I sat in an audience recently, at a small bookstore in Austin, Texas, to hear queer poet Kimberly Alidio read from her new book, after projects the resound (Black Radish). The lines from one poem, “Blessed be/our ugly grief/our helpless beauty/this very moment of utterance incarnate in an absent brown body/joining us/alive painfully so/strand us alone together” have lingered in my mind since then, as I reflected upon Pulse. The poem ends with “LOL OUR TENDER EMOTIONALITY.” As if amid all the violence, the hate, the brutality and the savagery, we could still be tender and emotional. I don’t want my generation’s legacy to be that of hate, of racism, of homophobia, of Islamophobia, of terror, of genocide, of war, of civil unrest, of police brutality, of climate change, of revelation. I do not want the legacy to be the grief, the bodies, the ghosts, I have witnessed in my lifetime, as a child born of the Nintendo Generation. I am tired of death, of bodies, of hate upon hate.


This essay is a pulse, beating loud in a body, where tender emotionality can exist, where violence will not. This is what Pulse has meant for me. It is a moment when we can transform a tragedy born of hate into ash. We have to be ready to be stranded alone, together. To protect each other. To dream and to rebuild. Like I said, this is not a pastoral. This is not a lyric. Christopher Marlowe didn’t write The Passionate Shepherd to His Love for me. For us. There is nothing bucolic about being queer or brown in the US – but there is something tremendous and glorious about it. Because despite all of it, we are still here. All of this, all of this, is leading us somewhere, to something different.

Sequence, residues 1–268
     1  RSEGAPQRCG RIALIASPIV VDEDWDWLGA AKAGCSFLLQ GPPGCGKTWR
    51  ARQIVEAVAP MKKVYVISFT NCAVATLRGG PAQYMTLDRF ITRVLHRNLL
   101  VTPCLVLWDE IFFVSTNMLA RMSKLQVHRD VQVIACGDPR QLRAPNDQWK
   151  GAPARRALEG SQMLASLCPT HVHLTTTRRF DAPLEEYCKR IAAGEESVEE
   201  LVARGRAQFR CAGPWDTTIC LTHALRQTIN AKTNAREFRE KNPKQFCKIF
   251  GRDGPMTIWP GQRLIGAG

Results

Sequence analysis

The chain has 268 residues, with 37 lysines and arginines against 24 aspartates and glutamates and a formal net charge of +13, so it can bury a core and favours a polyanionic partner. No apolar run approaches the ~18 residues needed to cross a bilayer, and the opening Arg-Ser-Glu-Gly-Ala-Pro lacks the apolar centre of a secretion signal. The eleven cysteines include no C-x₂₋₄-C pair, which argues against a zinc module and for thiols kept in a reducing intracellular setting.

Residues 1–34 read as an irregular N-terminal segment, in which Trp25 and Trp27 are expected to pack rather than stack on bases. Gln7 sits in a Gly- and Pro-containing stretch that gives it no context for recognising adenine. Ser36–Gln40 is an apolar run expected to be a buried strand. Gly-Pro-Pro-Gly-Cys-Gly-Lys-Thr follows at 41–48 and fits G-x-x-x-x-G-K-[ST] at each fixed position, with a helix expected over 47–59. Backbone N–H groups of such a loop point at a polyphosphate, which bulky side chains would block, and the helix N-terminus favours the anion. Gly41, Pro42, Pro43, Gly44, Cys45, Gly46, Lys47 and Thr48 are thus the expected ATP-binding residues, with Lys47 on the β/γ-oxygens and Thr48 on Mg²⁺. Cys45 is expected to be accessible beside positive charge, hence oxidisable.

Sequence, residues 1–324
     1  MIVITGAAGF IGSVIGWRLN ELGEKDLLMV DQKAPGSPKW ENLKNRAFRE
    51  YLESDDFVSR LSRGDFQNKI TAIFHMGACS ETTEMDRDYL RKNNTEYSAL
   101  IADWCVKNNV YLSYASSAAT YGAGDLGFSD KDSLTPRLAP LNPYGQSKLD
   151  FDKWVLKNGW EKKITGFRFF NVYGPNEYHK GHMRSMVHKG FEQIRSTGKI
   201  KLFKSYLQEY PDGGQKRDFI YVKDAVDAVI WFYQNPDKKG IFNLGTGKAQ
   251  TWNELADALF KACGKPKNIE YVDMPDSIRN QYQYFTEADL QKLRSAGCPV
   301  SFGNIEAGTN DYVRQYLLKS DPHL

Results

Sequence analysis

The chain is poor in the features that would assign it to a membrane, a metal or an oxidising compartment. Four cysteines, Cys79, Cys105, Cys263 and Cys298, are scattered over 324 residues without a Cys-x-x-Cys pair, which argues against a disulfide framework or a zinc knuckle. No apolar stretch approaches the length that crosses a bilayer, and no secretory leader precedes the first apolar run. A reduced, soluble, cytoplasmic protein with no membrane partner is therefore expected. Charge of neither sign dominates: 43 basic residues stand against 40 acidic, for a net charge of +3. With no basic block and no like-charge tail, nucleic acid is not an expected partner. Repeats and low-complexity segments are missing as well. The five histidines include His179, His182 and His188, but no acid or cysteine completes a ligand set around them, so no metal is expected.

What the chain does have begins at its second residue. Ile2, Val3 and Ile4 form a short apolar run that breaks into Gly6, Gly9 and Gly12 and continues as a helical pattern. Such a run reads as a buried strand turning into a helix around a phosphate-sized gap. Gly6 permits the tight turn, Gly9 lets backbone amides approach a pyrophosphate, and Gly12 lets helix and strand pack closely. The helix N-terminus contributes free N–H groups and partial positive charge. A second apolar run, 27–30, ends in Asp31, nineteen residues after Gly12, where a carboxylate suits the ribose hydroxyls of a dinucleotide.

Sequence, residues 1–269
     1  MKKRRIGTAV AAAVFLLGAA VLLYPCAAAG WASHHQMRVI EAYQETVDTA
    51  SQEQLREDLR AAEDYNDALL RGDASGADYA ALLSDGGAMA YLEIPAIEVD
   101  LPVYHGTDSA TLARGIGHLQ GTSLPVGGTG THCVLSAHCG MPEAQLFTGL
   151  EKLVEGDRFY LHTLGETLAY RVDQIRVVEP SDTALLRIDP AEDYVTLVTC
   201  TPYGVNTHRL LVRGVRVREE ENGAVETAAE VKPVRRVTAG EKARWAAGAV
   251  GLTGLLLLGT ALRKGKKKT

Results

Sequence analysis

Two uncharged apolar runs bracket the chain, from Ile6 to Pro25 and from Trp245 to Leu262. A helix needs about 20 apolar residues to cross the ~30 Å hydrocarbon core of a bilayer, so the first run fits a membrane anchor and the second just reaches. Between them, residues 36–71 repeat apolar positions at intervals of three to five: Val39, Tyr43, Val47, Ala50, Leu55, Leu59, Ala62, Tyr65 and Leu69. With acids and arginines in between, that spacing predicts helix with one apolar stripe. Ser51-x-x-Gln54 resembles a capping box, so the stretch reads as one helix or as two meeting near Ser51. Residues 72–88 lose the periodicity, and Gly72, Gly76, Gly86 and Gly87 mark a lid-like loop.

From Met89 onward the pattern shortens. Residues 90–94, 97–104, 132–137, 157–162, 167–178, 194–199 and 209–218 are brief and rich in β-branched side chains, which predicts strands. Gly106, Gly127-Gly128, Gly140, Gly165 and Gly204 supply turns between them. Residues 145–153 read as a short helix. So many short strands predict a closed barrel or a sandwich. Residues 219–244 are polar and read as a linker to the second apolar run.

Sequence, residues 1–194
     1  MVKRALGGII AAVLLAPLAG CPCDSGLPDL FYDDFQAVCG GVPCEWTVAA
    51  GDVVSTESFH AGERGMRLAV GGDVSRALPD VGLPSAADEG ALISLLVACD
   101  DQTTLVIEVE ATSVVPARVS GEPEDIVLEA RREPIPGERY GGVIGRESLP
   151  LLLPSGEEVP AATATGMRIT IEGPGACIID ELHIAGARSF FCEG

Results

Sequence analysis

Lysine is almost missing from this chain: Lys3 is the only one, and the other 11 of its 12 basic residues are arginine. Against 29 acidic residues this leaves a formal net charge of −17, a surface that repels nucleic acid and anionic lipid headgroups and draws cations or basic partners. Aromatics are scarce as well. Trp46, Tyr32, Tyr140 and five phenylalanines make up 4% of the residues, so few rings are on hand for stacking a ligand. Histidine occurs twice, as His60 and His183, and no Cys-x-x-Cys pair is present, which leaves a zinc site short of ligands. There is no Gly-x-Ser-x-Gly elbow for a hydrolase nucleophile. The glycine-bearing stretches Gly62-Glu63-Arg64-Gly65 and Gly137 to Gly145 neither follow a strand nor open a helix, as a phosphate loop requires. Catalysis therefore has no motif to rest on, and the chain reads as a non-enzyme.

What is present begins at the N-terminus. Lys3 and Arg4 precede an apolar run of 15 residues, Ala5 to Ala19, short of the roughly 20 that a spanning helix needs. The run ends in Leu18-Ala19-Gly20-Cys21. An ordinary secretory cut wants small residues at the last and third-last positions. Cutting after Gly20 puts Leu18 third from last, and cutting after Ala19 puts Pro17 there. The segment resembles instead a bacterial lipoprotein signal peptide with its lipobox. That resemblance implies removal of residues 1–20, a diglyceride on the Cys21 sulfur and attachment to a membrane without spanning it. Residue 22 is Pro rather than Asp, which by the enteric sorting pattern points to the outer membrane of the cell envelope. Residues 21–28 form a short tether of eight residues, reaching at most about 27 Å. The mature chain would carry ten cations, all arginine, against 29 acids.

Mónica Teresa Ortiz was born and raised in Texas. Her work has appeared in Bombay Gin, Huizache, Pilgrimage Magazine, Paso del Rio Grande del Norte, Borderlands, As/US, The Texas Observer, Autostraddle, and Black Girl Dangerous. A two-time Andres Montoya Letras Latinxs Poetry prize finalist, Ortiz is the Poetry Editor for Raspa Magazine, a Queer Latinx literary art journal. A poem also appears in Ayotzinapa, an Anthology, and proceeds from this project go to support the continuing efforts of the Escuela Normal Rural "Raul Isidro Burgos."

Mónica has written 3 articles for us.